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  There Will Be Rain  
  An Epic At Best  
  Two Sheds Music  
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Back in 2007, one night at The Drunken Unicorn, PostLibyan and I happened across Athens band An Epic At Best. Sure, at that point, I already had a copy of their debut album There Will Be Rain, which I thought showed a lot of promise for such a young band. Yet on that one evening, I heard melodies and chorus that caught my attention, and forced me to go back and re-evaluate the record. And I'm pretty glad I did, as it turns out that There Will Be Rain goes beyond the "promising" moniker into something rather accomplished.

The album begins with the slowish piano sounds of This Town, a slightly melancholy ballad that, in the beginning, seems to mimic old Methodist hymns in its chord progressions and melody. Over it, singer/pianist Robert Gunn uses his reedy voice in an evocative manner before the song comes to sudden end. This leads to a bit of shock when the band moves immediately into the show-stopping Carolina, which has angularly sharp guitar work against a plaintive, soft key melody. In the meantime, the vocal narrative begins, telling the tale of a person leaving his home and love. But really, when the entire band comes in, with the bouncing mathy bass line of Natalie Roberts and forceful drum beat of Jamie McGaw, the song begins to soar in proportion to the emotion found in Gunn's voice. Throughout this longish tune, the band plays with the dynamic of tune, becoming softer in part and harder in others. This change of tone within the song reminds me so much of The Potomac Accord (and the pretty piano bits definitely help), that I almost begin to imagine that I can see something of the spirit of that band reborn in An Epic At Best.

After such an…well epic....tune, it's not surprising that the rest of the album, while still quite good, feels a little bit more mundane. Third song Weight of Words has a more minimal albeit still angular feel that recalls the best of late Atlanta band Sharks and Minnows, complete with a memorably catchy chorus. In contrast, Don't Rush Home feels a little forced, as if the band's spirit and energy are held back plodding rhythm and deliberate piano-work, which overshadows the guitarwork of Samuel Collier.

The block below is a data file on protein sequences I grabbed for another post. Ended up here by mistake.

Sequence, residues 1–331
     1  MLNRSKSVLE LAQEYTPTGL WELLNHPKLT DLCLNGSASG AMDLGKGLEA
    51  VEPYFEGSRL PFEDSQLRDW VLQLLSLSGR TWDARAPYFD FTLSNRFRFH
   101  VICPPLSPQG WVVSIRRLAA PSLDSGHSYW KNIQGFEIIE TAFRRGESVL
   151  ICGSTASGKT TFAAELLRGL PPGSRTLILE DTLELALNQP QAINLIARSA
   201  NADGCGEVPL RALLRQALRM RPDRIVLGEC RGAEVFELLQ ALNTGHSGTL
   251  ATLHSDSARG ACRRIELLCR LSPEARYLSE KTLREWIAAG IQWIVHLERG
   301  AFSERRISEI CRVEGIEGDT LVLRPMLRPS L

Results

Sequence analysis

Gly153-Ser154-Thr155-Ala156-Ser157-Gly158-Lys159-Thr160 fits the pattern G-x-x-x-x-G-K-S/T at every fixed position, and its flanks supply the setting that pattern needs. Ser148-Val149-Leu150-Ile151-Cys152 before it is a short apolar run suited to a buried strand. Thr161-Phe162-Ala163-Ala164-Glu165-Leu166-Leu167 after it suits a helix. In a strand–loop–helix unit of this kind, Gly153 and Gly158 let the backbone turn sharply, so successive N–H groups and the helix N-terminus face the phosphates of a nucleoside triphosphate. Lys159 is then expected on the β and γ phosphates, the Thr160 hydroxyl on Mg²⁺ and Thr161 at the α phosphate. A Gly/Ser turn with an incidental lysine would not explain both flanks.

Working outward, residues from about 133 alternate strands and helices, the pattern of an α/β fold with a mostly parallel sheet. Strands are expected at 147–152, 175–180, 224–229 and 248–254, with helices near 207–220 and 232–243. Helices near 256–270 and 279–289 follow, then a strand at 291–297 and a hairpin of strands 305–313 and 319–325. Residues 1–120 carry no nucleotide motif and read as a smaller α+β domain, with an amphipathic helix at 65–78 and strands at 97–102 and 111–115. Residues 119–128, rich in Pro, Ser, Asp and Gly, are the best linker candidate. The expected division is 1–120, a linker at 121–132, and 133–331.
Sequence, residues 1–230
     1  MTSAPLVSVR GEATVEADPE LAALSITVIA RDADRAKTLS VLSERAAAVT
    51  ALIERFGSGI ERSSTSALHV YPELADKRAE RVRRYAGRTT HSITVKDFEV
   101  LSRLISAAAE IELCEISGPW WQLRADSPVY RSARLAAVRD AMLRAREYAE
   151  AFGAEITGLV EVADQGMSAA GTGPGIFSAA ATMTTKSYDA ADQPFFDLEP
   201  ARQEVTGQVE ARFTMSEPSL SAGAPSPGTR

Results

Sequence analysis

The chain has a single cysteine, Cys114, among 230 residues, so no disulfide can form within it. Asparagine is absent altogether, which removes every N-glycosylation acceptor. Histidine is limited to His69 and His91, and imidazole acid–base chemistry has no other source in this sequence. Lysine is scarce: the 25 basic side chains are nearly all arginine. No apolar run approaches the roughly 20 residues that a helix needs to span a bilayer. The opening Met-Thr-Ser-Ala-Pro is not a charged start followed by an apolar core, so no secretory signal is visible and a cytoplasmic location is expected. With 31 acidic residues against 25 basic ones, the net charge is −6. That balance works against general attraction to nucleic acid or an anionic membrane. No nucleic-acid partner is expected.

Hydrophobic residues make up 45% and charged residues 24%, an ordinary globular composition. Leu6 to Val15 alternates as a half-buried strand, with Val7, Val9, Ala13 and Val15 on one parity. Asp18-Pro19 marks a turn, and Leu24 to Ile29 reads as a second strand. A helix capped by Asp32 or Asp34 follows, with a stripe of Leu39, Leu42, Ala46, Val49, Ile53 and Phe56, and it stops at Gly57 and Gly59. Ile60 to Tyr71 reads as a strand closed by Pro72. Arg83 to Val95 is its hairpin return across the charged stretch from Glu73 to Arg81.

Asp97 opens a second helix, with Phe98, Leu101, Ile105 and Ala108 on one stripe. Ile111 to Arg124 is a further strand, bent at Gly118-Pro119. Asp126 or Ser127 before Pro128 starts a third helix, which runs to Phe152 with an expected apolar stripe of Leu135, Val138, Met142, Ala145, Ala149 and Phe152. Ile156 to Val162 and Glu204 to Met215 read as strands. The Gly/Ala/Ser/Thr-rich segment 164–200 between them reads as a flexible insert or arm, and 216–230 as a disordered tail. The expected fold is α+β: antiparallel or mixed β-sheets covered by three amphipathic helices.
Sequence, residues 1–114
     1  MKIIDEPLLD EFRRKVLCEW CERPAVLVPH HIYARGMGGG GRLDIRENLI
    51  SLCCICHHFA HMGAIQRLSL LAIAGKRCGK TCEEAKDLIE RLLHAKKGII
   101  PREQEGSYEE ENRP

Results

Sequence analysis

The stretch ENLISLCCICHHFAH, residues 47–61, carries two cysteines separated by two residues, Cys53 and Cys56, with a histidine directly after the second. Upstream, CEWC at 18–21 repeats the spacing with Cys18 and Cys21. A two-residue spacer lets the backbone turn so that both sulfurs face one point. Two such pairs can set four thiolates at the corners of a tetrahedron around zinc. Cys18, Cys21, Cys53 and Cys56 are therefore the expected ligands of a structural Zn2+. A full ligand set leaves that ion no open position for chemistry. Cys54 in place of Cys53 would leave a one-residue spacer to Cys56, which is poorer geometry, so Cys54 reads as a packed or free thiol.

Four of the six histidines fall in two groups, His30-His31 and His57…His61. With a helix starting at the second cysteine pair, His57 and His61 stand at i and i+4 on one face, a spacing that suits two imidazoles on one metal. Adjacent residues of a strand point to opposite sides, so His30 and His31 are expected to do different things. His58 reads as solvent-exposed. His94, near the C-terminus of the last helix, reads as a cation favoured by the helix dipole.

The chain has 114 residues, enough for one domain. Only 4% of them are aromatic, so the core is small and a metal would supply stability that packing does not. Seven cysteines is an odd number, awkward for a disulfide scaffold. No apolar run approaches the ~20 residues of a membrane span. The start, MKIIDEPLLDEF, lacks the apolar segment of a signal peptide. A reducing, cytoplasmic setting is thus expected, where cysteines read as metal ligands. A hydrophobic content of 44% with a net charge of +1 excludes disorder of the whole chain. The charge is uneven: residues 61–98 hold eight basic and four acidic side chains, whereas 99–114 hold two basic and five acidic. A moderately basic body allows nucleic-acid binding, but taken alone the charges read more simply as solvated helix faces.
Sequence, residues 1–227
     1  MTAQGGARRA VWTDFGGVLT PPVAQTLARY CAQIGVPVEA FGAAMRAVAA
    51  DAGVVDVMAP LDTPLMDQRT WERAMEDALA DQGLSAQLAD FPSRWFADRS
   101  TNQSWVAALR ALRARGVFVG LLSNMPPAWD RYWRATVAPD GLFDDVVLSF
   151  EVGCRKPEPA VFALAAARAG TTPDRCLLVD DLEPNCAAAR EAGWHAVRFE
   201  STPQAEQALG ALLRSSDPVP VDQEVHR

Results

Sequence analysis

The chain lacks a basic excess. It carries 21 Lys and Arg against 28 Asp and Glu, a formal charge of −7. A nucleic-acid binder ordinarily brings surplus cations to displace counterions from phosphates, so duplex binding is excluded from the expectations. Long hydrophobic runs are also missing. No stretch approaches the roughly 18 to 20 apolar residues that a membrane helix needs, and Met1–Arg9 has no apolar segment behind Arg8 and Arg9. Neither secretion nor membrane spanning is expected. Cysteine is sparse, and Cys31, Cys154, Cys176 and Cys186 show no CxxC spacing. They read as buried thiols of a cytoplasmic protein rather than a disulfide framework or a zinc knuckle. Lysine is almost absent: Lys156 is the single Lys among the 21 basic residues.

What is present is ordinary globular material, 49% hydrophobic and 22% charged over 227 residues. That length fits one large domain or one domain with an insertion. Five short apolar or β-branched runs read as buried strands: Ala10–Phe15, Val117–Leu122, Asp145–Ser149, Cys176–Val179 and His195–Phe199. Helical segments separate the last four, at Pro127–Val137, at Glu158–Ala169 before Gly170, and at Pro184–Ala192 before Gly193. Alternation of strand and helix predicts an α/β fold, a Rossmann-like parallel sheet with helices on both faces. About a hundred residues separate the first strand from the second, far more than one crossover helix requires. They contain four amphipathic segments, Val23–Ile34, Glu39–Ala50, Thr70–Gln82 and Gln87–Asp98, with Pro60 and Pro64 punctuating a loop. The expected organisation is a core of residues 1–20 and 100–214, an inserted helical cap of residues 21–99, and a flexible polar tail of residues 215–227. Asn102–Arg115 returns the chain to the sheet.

The Color of My Lungs picks up the musical pace substantially. While this tune is a deceptively straight-forward Indie-rock tune, the recording benefits from the loud-ish interplay between the fuzzed out guitars and the strangely dynamic vocals which echo the drumbeat. Likewise, the band's return to dynamic changes within the song suits their music more than the straight-forward music narrative of a song like Don't Rush Home. In contrast, the long Cold Weather Romance returns to An Epic At Best's slower songs. But unlike some of their other slower tunes, this one comes off really well, with a force behind the languidness that gives the music staying power, especially as the music becomes louder and more plaintive towards the end.

The next song, The Day Stephen Set Himself on Fire for Katie, is probably the second best tune on the record, after the sublime Carolina. Beginning with a simple 3/4 riff, after a minute or so, the band comes in to complete the lilting waltz sound. And then, at the end of the second verse, the vocals begin to soar as if to lead the listener up into a separate, darkly lit space before returning to Earth at the very end of the tune. Lovely stuff which demonstrates so effectively the skill of An Epic At Best.

With this, the band moves into its final two songs. Birds is unlike anything else on the record. This tune is more of a straight-up jangle pop song, complete with echo, a delicately brisk melody, and a horn bridge. In some ways, this one reminds me a bit of the happy pop of a band like The Deathray Davies in their latter days. Finally, the album ends with the 10 minute Doethe Hands. It begins with the cool angularity of the best of An Epic At Best's music, with particular sonic emphasis on sparse drumming and guitar arpeggios. Then it moves to the soft vocal narrative melancholy of Robert Gunn, showing that the band can pull off a more ballad-like structure when they want. But, at about the half way mark, the band goes into the musical ebb and flow which they do so well, so that the records comes to a satisfying rocking conclusion.

I have to admit There Will Be Rain holds together better on subsequent listens than it did at first. I think originally I was so struck by the brilliance of Carolina that I sort of dismissed the rest of the album as whole. Yet, there are really really good songs on here as well, most of which fall into the band's normal dynamic interplay. In the end, I think An Epic At Best managed to create a coherently strong album, which should be recognized as such.

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      Concert: Sat.19.May.07

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